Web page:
The Transfiguration 

The world around us has a good idea of what it thinks glory is: most of the time it looks like human success and triumph. Just think of people winning a gold medal at the Olympics, people waving flags and making lots of noise, open-topped buses, parades, and the like. God’s idea of glory we will see is something entirely different, in fact it is the exact opposite of human glory. We see God’s Glory this morning on Mt Tabor, and on the hill of Calvary.
In the Prophecy of Daniel we see a glimpse of the glory of God and the worship of heaven. It is the same glory that the Apostles see in the Transfiguration, it is a glimpse of heaven, a foretaste for us of what Christ has given us His Church. The glory of the Transfiguration is something which the Second Letter of Peter stresses – as Christians we do not follow a made-up religion – it is not a work of fiction, but rather through spending time with Jesus, disciples such as St Peter saw their own lives transfigured and transformed by the power and the love of God.
Jesus has been with the disciples in the Jezreel Valley in Galilee and this morning He goes up Mt Tabor and takes his closest disciples with him to show them something of the glory of God. He goes up the mountain to pray, to be alone with God the Father. His public ministry was rooted in prayer, in being close to the Father, listening and speaking to Him. As Christians we are to follow His example, and do likewise.
Jesus appears with Moses and Elijah to show His disciples and the Church that He is the fulfilment of the Law and the Prophets. They point to Him and they find their fulfilment in Him: He is the Messiah, the Son of God. Peter responds in a moment with a very human response, he knows that it is good to be here and it helps to change his life. His response points to the Feast of Tabernacles when Jews remembered the giving of the Law on Mt Sinai to Moses. But this experience is not to be prolonged, it is a glimpse of the future glory, a moment to be experienced, and not a place to dwell.
When God speaks he tells us three things about Jesus: He is the Son of God, He is loved and we should listen to Him – what he says and does should affect us and our lives – we have to be open to the possibility of being changed by God. Jesus tells the disciples not to tell anyone about this until after he has risen from the dead. The detail is important: Jesus will go up another mountain to suffer and die upon the cross, taking our sins upon Himself, restoring our relationship with God and each other. This is real glory – not worldly glory but the glory of God’s sacrificial love poured out on the world to heal it and restore it.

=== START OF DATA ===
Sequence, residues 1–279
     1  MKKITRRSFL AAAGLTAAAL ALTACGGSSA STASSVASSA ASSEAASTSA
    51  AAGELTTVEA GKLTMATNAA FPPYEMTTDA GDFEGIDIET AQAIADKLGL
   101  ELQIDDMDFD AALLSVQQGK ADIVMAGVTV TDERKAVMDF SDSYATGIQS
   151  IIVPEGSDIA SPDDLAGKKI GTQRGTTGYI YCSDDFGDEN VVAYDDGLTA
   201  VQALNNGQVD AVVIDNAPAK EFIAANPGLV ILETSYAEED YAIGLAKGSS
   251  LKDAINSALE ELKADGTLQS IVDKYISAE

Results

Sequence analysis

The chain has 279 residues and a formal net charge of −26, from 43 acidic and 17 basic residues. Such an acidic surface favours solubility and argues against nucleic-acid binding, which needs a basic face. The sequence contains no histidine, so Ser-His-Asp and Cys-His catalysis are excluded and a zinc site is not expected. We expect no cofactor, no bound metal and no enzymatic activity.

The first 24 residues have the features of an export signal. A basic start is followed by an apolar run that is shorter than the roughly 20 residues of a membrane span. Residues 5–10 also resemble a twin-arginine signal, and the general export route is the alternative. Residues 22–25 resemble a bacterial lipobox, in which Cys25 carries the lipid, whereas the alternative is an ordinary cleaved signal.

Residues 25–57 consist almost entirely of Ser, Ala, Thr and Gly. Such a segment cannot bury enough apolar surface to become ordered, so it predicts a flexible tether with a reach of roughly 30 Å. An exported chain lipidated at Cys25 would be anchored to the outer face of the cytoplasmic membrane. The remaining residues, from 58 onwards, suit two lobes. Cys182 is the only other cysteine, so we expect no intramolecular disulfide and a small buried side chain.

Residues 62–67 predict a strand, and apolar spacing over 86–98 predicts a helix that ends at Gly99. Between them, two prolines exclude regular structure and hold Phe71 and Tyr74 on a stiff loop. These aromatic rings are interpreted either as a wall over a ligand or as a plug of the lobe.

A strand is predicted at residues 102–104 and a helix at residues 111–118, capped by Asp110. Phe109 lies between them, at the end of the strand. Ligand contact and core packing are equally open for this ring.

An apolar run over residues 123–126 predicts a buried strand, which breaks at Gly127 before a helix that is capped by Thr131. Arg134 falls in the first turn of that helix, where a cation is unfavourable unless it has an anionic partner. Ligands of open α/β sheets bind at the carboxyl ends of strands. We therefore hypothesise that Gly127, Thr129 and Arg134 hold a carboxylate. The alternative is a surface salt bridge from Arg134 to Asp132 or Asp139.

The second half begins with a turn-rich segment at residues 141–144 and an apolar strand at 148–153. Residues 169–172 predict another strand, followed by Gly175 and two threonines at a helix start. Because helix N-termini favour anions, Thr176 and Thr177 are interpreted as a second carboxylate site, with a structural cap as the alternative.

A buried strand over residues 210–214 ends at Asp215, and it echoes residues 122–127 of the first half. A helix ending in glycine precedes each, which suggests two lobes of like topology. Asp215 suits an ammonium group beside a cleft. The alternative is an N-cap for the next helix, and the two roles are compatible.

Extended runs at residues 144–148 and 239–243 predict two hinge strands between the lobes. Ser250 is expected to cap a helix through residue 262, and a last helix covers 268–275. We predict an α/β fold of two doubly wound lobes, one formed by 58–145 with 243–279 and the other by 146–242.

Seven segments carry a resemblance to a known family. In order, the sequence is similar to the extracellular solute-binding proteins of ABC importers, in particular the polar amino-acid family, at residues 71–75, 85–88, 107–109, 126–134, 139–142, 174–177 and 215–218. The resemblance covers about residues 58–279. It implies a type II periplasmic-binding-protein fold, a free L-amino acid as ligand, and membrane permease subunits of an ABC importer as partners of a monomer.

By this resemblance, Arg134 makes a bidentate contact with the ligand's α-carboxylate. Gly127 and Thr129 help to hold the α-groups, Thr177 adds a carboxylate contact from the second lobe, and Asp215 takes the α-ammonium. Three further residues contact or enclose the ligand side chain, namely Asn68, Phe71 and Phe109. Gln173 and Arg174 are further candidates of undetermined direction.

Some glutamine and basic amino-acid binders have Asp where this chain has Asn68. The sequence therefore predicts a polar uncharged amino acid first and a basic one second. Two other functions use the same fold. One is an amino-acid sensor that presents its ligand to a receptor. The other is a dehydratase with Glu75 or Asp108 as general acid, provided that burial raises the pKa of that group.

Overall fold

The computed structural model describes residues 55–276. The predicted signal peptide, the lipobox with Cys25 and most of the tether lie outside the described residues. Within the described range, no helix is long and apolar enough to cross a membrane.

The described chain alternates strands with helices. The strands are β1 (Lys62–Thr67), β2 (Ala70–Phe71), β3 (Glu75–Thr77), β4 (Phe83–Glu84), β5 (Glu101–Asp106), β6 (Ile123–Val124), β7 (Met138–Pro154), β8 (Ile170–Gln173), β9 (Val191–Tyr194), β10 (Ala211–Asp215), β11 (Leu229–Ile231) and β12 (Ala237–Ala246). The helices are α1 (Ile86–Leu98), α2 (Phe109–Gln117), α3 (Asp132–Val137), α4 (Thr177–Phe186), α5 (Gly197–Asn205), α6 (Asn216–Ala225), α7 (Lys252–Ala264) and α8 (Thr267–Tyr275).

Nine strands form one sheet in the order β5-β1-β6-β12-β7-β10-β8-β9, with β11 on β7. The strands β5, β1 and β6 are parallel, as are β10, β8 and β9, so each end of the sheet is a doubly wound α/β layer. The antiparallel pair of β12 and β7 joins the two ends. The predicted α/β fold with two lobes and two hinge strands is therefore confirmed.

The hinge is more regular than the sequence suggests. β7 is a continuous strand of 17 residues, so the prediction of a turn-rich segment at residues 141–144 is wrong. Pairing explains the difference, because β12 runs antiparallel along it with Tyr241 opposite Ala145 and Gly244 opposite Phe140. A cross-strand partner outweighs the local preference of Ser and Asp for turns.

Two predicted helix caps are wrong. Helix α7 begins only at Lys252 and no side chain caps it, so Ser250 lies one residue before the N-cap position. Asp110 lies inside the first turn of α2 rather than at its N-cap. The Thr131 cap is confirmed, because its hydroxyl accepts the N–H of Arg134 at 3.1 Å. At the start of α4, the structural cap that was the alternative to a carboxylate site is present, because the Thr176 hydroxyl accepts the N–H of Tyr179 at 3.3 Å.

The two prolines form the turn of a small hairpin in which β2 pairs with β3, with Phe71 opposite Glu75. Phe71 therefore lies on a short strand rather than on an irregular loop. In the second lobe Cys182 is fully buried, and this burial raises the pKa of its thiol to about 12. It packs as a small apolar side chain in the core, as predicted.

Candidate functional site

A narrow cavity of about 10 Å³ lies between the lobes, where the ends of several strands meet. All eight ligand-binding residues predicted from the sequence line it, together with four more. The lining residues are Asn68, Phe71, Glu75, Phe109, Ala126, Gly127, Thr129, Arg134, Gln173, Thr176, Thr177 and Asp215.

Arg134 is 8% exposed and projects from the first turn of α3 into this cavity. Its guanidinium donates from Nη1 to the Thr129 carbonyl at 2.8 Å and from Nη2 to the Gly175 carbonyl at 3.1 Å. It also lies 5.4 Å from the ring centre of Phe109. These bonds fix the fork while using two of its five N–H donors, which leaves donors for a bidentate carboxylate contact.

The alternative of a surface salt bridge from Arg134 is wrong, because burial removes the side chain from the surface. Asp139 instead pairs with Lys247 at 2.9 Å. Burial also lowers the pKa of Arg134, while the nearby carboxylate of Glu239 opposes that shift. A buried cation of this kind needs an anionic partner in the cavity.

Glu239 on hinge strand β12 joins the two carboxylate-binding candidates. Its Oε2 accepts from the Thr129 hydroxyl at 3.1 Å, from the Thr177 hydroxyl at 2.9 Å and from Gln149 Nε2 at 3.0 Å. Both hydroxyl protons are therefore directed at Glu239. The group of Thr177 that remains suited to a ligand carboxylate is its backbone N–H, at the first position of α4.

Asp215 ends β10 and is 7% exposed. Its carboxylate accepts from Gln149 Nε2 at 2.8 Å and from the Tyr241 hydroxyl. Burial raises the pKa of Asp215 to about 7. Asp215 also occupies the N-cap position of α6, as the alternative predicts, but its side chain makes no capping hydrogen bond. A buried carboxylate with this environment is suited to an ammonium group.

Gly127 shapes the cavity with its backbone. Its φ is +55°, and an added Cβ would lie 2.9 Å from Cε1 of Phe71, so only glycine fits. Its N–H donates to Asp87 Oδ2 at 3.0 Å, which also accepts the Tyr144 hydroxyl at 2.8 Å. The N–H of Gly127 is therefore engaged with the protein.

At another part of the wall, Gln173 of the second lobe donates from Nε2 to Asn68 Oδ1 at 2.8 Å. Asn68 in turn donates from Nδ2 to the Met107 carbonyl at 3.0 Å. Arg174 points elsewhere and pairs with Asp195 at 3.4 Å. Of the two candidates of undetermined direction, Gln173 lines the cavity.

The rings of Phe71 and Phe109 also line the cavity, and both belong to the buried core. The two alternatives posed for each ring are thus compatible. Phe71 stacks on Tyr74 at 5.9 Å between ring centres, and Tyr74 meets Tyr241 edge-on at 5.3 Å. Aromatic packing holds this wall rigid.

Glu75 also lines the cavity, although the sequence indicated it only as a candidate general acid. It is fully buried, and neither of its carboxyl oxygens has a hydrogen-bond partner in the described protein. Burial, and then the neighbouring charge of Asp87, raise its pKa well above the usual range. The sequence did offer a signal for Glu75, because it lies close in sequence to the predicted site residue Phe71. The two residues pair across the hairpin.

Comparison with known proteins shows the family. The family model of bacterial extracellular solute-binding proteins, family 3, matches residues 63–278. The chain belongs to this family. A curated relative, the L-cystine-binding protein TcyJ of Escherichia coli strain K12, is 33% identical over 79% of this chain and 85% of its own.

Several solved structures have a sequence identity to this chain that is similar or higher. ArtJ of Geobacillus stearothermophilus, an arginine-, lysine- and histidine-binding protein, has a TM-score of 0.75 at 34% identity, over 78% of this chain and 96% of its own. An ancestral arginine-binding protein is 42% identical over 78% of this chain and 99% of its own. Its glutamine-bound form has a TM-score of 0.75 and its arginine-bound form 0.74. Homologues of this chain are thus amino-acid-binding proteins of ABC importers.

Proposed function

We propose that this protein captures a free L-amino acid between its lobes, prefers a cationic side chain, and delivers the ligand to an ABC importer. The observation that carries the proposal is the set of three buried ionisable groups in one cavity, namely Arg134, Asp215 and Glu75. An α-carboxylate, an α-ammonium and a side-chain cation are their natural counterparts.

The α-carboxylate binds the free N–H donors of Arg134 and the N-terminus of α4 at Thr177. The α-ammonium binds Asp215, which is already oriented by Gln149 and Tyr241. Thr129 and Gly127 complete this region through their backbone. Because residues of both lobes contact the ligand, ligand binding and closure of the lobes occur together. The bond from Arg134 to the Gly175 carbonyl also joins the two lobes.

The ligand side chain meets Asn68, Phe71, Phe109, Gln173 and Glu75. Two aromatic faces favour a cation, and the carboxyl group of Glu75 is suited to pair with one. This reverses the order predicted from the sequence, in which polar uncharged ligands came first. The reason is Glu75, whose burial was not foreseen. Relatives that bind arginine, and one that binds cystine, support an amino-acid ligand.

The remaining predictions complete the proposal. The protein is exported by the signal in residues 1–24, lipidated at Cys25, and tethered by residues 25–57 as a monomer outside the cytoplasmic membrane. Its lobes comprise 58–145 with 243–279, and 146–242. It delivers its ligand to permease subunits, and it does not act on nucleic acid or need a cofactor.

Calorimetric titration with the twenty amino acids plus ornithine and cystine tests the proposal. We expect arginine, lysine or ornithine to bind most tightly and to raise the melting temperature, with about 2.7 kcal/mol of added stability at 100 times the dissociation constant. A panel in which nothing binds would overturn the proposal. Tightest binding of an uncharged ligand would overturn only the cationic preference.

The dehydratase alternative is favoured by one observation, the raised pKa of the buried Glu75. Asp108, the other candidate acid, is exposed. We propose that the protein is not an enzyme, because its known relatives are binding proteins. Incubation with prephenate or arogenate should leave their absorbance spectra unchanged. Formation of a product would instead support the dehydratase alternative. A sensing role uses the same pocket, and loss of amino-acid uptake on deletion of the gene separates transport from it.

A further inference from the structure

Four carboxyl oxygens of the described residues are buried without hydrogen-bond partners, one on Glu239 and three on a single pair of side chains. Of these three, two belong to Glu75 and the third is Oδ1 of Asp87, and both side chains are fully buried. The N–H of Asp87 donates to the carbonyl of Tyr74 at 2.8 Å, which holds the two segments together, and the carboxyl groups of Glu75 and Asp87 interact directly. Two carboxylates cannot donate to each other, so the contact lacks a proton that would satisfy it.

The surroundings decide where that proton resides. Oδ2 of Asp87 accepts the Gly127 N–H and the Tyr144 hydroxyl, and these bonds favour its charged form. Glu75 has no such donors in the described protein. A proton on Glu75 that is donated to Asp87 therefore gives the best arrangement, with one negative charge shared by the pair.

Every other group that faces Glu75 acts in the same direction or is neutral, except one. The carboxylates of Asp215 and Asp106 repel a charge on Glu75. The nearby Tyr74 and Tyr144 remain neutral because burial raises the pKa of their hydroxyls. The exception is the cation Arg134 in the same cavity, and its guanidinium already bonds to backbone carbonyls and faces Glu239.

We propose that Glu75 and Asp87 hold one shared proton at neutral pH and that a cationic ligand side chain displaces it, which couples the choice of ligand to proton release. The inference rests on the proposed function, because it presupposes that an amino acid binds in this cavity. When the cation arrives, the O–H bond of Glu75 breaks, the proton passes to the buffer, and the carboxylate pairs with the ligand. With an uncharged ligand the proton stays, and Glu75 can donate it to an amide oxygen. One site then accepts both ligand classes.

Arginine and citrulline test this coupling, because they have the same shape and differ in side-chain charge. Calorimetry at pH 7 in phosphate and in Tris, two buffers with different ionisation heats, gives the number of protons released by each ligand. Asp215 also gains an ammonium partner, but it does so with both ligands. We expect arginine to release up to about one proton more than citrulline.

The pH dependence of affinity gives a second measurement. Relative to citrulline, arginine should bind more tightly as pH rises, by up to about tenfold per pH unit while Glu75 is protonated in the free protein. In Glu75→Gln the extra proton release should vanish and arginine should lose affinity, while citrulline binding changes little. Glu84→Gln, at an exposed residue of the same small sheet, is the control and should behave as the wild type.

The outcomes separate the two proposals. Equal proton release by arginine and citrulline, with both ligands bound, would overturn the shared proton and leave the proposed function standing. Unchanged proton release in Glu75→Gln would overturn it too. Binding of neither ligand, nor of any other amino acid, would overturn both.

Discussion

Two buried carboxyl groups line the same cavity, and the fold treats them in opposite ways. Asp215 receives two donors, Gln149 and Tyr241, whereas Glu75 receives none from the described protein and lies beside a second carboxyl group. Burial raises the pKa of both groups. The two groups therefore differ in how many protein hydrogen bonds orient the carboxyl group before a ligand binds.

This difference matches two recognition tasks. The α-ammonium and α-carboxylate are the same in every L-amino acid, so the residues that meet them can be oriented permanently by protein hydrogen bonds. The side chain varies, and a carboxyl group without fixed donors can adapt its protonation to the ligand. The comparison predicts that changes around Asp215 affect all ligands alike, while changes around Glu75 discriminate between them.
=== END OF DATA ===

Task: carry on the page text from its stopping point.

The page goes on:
“Three important scenes of Our Lord’s life took place on mountains. On one, He preached the Beatitudes, the practice of which would bring a Cross from the world; on the second, He showed the glory that lay beyond the Cross; and on the third, He offered Himself in death as a prelude to His glory and that of all who would believe in His name”

Fulton Sheen The Life of Christ 1970: 158

That is why we are here this morning – to see the self same sacrifice here with our own eyes, to touch and to taste what God’s love is really like – to go up the mountain and experience the glory of God, so that God’s love may transform us. We are given a foretaste of heaven, and prepared to be transformed by God. This is true glory – the glory of the Cross, the glory of suffering love lavished upon the world. The Transfiguration looks to the Cross to help us prepare ourselves to live the life of faith. To help us to behold true majesty, true love and true glory – the kind that can change the world and last forever, for eternity, not the fading glory of the world, here today and gone tomorrow, but something everlasting, wonderful.
So let us behold God’s glory, here, this morning, let us touch and taste God’s glory, let us prepare to be transformed by his love, through the power of His Holy Spirit, built up as living stones, a temple to God’s glory. As those who are healed, and restored, reconciled, and given a foretaste of eternal life with him, so may God take our lives and transform us, so that everything that we say, or think, or do, may proclaim him, let us tell the world about him, so that it too may believe and trust and have new life in God the Father, God the Son, and God the Holy Spirit, to whom be ascribed, as is most right and just, all might, majesty, glory, dominion, and power, now and forever.

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